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Colossians 1:15-20, “The Glory of Christ (Pt. 1)”

February 14, 2010 Speaker: Brad Evangelista Series: Colossians

Passage: Colossians 1:15–20

Text: Colossians 1:15-16

Intro: Colossians 1:15-20 is likely the most dense, beautiful and rich description of Jesus in the Bible. The truth it contains is staggering. Our aim in unpacking these verses is that it would stir our affection for Jesus so that we might worship Him more passionately and fully.

1. The point of today is that we see and savor Jesus and that our affections are stirred for Him so that we might worship Him.

2. Notice the flow of thought—that after this great and glorious truth of salvation from Colossians 1:13-14, Paul’s mind seems to naturally float to the supremacy of Christ, the glory of Christ in all things. He just gets done unpacking to them a prayer in which he is pleading that they see Christ and what He is done, and then he breaks into a hymn of worship of who Christ is. This is very important. Theology and doctrine should never be a clinical exercise but should rather move us into worship. Theology should always lead to doxology. Paul interrupts his theological thought about the Gospel to break out in this hymn about Jesus.

3. The supremacy of Jesus. This is huge. Paul was combating some sort of false argument that evidently was trying to minimize Jesus. We see the same today. We live in a culture that wants to minimize Jesus.



The Trinity is an unexplainable mystery. But, the Bible affirms for us clearly that God is One in three persons—Father, Son, and Holy Spirit. Each person of the Godhead is fully God. The Scriptures clearly attest to the Lordship and deity of Christ. In Jesus, we have all the fullness of God.

  • Hebrews 1:1-3; 2 Corinthians 4:6

1. He is knowable.

  • John 1:14-18; John 14:9
  • What does this look like in our culture?

                  1—Super spirituality that creates various levels of Christianity.

                  2—The lie that says the Bible is confusing and impossible to understand.

2. He is sufficient and supreme.

3. He is able to save us.



1. Everything exists to serve Jesus’ glory.

  • “Whatever is—is—that he might be glorified and praised and enjoyed forever. He is the reason, the goal, the aim, the intent, the point, the purpose, the end, the terminus, the consummation and culmination of every molecule that moves. Does that please you? Do you find unparalleled joy in knowing that it’s about him and not you? Do find delight in knowing that God didn’t create the world so that he could have you, but so that you could have him?” –Sam Storms, The Hope of Glory: 100 Daily Meditations on Colossians.

2. Jesus’ glory is not at odds with our joy.

  • “If there lurks in most modern minds the notion that to desire our own good and earnestly to hope for the enjoyment of it is a bad thing, I submit that this notion has crept in from Kant and the Stoics and is no part of the Christian faith. Indeed, if we consider the unblushing promises of reward and the staggering nature of the rewards promised in the Gospels, it would seem that our Lord finds our desires, not too strong, but too weak. We are half-hearted creatures, fooling about with drink and sex and ambition when infinite joy is offered us, like an ignorant child who wants to go on making mud pies in a slum because he cannot imagine what is meant by the offer of a holiday at the sea. We are far too easily pleased.” -C.S. Lewis, The Weight of Glory.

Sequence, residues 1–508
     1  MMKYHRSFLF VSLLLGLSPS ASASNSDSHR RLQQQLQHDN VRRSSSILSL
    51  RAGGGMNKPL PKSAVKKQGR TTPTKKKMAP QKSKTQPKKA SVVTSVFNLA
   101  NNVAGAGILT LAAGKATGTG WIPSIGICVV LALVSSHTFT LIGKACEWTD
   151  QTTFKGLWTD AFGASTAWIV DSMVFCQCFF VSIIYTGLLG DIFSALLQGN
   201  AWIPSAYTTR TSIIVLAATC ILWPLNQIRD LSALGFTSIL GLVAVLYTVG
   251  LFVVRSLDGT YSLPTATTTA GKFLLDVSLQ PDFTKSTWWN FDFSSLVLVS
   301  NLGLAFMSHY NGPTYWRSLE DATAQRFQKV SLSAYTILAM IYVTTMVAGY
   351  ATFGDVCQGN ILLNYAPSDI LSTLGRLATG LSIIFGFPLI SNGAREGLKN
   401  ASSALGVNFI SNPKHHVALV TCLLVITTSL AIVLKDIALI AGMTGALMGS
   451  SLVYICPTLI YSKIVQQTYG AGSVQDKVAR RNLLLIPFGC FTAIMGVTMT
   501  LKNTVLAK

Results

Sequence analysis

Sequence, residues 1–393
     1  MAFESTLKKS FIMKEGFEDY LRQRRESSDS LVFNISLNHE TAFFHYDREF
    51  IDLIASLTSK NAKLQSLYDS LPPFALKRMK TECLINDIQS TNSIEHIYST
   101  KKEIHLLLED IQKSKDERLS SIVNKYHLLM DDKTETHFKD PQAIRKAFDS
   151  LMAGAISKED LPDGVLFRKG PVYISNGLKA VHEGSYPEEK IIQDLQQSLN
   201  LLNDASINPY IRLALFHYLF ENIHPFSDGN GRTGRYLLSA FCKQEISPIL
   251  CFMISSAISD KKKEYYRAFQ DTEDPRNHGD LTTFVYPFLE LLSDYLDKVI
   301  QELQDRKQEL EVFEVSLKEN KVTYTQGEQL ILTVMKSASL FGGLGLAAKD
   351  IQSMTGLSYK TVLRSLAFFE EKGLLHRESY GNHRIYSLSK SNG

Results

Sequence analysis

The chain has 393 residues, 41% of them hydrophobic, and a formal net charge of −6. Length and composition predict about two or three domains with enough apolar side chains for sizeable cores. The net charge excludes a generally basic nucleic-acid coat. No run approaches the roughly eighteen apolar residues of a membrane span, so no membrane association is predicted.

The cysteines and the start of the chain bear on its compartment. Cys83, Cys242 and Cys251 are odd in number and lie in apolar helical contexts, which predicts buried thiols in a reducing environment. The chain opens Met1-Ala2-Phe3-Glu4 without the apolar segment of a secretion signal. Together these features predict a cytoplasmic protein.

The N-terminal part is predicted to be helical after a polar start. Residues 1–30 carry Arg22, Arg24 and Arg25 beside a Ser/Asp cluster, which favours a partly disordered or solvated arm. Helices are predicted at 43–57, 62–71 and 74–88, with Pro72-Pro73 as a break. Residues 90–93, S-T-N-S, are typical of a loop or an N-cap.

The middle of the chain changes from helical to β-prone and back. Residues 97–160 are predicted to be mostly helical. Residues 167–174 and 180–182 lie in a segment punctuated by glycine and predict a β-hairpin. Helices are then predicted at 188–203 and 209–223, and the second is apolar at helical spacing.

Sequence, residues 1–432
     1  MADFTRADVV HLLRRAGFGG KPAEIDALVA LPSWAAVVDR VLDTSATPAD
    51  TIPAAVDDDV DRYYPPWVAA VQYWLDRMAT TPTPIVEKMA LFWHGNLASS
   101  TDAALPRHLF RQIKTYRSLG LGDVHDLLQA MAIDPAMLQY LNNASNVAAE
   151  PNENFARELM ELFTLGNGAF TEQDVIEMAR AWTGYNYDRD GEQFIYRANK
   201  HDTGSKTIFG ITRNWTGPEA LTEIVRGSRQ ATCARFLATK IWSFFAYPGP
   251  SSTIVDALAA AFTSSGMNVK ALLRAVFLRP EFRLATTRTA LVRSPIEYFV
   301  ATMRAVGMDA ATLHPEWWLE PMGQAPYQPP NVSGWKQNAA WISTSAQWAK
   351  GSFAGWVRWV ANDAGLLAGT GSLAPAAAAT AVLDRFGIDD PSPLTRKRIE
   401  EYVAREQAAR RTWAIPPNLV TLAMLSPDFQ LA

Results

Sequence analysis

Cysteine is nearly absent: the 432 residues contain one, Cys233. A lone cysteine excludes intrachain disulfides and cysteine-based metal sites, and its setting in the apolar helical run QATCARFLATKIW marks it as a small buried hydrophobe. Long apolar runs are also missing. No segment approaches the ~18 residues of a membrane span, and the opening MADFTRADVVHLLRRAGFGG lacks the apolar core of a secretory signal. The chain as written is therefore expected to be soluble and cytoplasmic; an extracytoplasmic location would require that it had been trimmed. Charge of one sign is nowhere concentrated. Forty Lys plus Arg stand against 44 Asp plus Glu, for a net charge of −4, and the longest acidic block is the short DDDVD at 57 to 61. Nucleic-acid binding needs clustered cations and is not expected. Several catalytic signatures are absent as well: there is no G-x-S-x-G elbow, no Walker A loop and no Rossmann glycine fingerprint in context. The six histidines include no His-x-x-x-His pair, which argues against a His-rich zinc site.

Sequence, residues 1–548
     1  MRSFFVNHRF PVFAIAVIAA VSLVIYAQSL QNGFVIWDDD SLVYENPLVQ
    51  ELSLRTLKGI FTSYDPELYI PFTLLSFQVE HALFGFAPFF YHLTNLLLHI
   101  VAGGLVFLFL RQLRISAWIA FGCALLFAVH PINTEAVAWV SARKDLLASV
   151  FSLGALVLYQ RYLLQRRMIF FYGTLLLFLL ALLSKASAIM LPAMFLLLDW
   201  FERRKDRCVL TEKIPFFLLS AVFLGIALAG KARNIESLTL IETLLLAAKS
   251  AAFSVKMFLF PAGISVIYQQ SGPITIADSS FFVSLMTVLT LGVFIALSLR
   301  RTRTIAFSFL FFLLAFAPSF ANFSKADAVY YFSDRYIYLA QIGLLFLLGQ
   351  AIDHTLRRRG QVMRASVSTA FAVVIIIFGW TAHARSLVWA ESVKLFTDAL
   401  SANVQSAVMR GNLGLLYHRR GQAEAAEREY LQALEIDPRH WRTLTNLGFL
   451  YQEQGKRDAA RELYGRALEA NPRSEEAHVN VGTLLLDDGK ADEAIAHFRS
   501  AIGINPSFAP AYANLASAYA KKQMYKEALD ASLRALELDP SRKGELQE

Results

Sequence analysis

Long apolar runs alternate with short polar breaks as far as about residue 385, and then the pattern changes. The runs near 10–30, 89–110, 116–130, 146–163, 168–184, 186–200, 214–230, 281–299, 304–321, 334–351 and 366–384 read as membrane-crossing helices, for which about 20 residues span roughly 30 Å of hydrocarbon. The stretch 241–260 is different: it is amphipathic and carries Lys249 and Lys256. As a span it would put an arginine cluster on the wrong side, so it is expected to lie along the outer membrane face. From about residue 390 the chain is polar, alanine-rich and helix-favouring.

3. Jesus is sovereign over sin and evil.

In verse 16 Paul says that Jesus created everything that exists. He then gets more specific and mentions four things in particular that Jesus created—thrones, dominions, rulers and authorities. Why did Paul feel a need to mention these four things in particular?

In Ephesians 6:10-12, another letter from Paul, we get a little clearer picture of what Paul means by rulers and authorities. Clearly, the context is evil and the domain of darkness. Therefore, of all the things Paul is wanting the Colossians to know, he in particular wants them to know that Jesus stands over and is in control of all things—to include evil forces and sin.

  • Ephesians 6:10-12; Proverbs 16:4; Isaiah 45:5-7; Ephesians 1:11; Romans 8:28

This is a difficult but very important truth to see

a). Jesus created everything good.

b). Creation willfully rebelled against God.

c). The Bible is clear that God knew this would happen, but is not culpable for sin & evil. He is not the author of evil, but in a way that we cannot fully understand He ordains all that comes to pass.

d). The intersection of God’s providence and foreknowledge is a mystery that the Bible does not fully reveal to us.

  • Isaiah 55:8-10 
  • Romans 11:33 – his ways are inscrutable. 

e). God works all things—even evil—for his universal purpose. Nothing is outside of his control.

f). To go deeper on this issue I highly recommend the book Spectacular Sins and their Global Purpose in the Glory of Christ by John Piper. Additionally, the book If God is Good: Faith in the Midst of Suffering and Evil by Randy Alcorn is a very helpful, extensive and biblical look at the whole issue of how God's goodness and sovereignty intersects with sin, suffering and evil. 


4. Therefore, we have nothing to fear!

  • Romans 8:31-38



1. Is your view of Jesus too small?

2. Is your response to Jesus in line with who He is?